Pregnant woman in bed with a cold

How to treat a cold or the flu when pregnant

Obstetricians Dr Margie Harpham and Dr Kathryn Austin from North Shore Private hospital talk about what you should know about cold and flu during pregnancy.

With winter upon us we are entering the peak season for colds and flu. These viruses are common, and many women will face these illnesses during their pregnancy. We give you the run down on prevention and safe treatment options.

A cold is a very common infection of the nose, throat and airways. It can cause a blocked or runny nose, sneezing, a sore throat and a cough. Whilst very annoying, it is usually short lived and often will only last a few days or up to a week.

However the flu is a highly infectious illness caused by the influenza virus. Symptoms are often similar to a cold however they can be much more severe with a temperature (fever) and occasionally breathing troubles, and can last longer.

It is important to remember that any cold and flu symptoms can be similar to COVID -19 and anyone with these symptoms should get tested immediately.

Safe treatments

With any early cold or flu symptoms it is important to stay home from work, get lots of rest and drink plenty of fluid. A sore throat or cough may be helped by drinking warm drinks (including the old remedy of honey and lemon), gargling with warm salty water or using throat lozenges. Salt water nasal sprays, drops or nasal flushes can help with congestion and are very safe to use in pregnancy. Sometimes steam inhalations or deep breathing in a warm shower can assist with congestion and clearing your nose.

Paracetamol is safe to use in pregnancy, however if you have a persistent high fever or continue to feel very unwell then you should see a doctor.

Can I take cold and flu tablets when pregnant?

There are many cold and flu tablets on the market and unfortunately a large number of them contain medications that are not suitable for pregnancy. Some cold and flu medicines contain multiple ingredients so it is best to check with your doctor or pharmacist about their safety in pregnancy before taking anything.

But topical nasal decongestants (sprays or drops) such as oxymetazoline and xylometazoline can be used to help a runny or blocked nose to ease congestion. They should only be used for short periods (less than 3-5 days). Importantly, if you have an underlying medical condition or pregnancy complications, you should check with a doctor or pharmacist prior to using these medications.

Drugs like ibuprofen (Nurofen, Advil etc. in the class known as Non-steroidal anti-inflammatories or NSAIDs) should not be used in pregnancy unless discussed with your doctor.

Complimentary or herbal medicines are popular remedies for treatment, as well as prevention, of cold and flu. There is variable evidence on the effectiveness of many of these preparations and even less information about their safety in pregnancy or breastfeeding.  Check with your doctor or pharmacist before you take these to make sure they are suitable.

Unfortunately, women who get the flu in pregnancy are at higher risk of hospitalisation, as well as some of the rare complications of pregnancy. Very severe illness during pregnancy can be dangerous to a mother and the developing baby because, although rare, it increases the risk of problems, such as going into labour early and/or having a baby prematurely (before the due date).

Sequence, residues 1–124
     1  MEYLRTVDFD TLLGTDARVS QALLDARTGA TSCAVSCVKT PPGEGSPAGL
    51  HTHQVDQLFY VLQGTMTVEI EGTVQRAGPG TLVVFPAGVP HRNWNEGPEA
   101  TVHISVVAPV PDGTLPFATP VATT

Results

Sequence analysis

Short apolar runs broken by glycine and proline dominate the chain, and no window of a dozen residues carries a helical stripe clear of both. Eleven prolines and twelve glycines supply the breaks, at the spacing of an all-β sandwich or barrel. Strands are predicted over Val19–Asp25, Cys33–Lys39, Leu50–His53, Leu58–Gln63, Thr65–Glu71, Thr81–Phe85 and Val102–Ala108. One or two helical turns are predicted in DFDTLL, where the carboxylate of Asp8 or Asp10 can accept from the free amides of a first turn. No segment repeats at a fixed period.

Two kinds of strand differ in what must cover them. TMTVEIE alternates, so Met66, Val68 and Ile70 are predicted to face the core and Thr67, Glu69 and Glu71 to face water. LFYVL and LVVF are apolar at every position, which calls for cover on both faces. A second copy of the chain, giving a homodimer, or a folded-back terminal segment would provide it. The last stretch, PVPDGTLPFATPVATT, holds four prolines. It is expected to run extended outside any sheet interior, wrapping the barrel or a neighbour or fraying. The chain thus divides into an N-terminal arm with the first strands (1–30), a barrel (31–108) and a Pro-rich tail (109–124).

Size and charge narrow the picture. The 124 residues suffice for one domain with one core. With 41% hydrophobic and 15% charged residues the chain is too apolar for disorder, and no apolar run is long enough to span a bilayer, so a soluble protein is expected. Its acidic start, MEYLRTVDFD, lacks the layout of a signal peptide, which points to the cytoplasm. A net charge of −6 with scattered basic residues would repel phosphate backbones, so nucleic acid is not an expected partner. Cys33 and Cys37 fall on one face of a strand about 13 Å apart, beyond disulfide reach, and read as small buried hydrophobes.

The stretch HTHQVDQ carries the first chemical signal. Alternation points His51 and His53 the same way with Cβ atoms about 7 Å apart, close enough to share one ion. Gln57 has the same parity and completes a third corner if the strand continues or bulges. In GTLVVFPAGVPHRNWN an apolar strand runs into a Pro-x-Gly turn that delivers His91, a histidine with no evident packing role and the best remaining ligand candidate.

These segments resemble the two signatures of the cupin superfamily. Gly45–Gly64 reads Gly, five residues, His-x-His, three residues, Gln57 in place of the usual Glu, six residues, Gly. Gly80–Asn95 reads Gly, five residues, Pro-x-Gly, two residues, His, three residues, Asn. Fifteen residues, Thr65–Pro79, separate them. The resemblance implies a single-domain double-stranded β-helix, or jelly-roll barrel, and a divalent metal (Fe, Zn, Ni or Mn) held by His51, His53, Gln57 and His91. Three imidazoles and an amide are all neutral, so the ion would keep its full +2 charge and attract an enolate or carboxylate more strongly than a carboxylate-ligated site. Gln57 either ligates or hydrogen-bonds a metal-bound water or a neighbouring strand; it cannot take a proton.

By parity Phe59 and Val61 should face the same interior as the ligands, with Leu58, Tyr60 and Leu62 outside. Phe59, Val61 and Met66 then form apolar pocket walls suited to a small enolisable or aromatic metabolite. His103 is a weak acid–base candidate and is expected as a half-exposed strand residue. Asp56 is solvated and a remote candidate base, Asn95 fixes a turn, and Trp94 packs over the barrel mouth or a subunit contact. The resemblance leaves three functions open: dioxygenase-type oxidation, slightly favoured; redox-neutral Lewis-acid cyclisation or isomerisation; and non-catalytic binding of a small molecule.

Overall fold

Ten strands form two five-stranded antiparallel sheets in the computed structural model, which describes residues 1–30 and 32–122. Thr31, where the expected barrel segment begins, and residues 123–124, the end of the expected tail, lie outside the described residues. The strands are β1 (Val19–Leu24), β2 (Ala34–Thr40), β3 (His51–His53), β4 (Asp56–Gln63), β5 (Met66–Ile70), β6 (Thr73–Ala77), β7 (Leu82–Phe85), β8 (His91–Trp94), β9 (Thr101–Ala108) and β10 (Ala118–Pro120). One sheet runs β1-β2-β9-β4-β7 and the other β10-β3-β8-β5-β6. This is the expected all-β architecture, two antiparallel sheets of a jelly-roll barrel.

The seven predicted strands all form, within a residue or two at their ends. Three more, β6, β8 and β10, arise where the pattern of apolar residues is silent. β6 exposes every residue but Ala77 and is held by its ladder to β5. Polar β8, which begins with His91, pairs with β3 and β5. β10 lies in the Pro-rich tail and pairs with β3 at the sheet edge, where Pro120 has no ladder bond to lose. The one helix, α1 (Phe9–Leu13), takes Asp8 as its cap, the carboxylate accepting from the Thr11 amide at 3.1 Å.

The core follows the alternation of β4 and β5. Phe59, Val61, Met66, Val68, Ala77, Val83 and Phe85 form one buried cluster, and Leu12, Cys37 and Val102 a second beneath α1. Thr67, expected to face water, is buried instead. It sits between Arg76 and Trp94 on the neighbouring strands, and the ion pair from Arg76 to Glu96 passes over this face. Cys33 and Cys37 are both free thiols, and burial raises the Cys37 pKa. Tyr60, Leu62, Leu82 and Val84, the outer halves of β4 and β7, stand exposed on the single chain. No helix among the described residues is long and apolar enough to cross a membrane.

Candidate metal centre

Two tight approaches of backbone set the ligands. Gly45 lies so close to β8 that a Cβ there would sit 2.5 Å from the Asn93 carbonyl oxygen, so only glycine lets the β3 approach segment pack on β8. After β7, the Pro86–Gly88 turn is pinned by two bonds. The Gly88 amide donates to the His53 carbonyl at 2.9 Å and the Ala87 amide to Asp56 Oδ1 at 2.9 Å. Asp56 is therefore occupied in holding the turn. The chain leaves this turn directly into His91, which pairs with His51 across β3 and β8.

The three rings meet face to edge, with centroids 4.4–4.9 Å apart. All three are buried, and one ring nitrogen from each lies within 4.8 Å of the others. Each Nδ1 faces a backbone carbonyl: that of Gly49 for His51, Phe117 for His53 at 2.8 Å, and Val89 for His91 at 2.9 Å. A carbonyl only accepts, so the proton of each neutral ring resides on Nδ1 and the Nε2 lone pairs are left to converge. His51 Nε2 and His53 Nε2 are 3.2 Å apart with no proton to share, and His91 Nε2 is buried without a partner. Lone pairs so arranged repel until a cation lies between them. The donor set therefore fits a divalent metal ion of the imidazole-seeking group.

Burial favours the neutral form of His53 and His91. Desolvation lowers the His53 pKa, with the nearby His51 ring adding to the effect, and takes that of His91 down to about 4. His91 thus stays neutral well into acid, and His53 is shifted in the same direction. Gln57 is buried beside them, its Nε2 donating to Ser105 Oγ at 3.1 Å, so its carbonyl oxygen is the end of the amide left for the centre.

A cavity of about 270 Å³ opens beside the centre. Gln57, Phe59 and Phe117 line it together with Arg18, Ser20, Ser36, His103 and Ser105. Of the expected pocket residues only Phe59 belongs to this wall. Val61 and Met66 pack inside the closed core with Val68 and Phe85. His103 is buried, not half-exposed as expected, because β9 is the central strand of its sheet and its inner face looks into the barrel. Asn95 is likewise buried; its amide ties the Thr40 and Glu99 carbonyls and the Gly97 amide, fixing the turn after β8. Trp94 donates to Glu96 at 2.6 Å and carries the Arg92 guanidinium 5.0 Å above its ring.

Prevention is the best strategy

Try and avoid contact with sick people, wash your hands well and stay away from others if you are sick. The flu vaccination is strongly recommended for all pregnant women. The flu vaccination is free for any pregnant woman and is recommended at any stage of pregnancy.

Having the flu vaccination when you are pregnant protects not only you but can also protect your baby from getting the flu in their first few months of life.

Treating a cold or flu while breastfeeding

If you are breastfeeding and have a cold or the flu, it is recommended to continue to breastfeed your baby. Baby will have some protection from the cold or flu from antibodies in your breast milk.

As a general rule, it is best to breastfeed your baby first and then take medication. In general, if you are breastfeeding, the advice is similar to during pregnancy – stay home, get plenty of rest and drink plenty of fluid.

Some cold and flu medications can be used safely when breastfeeding such as paracetamol and ibuprofen. Other medications can reduce breast milk supply (such as decongestants like phenylephrine or pseudoephedrine) and should only be used after checking with a doctor or pharmacist.

Most colds and even the flu are bothersome during pregnancy and breastfeeding however will resolve quickly with rest and simple treatments. If you continue to be unwell, symptoms are severe or you are worried, then contact your doctor or midwife.

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Dr Kathryn Austin is an obstetrician, gynaecologist and maternal fetal medicine qualified subspecialist. She has special interests in high and low risk pregnancies, maternal medical conditions in pregnancy and preconception counselling.

Dr Margie Harpham is an obstetrician and maternal fetal medicine specialist. Margie is able to look after healthy ‘low risk’ pregnancies, as well as pregnancies where women are experiencing medical complications.

This content was supplied by North Shore Private Hospital

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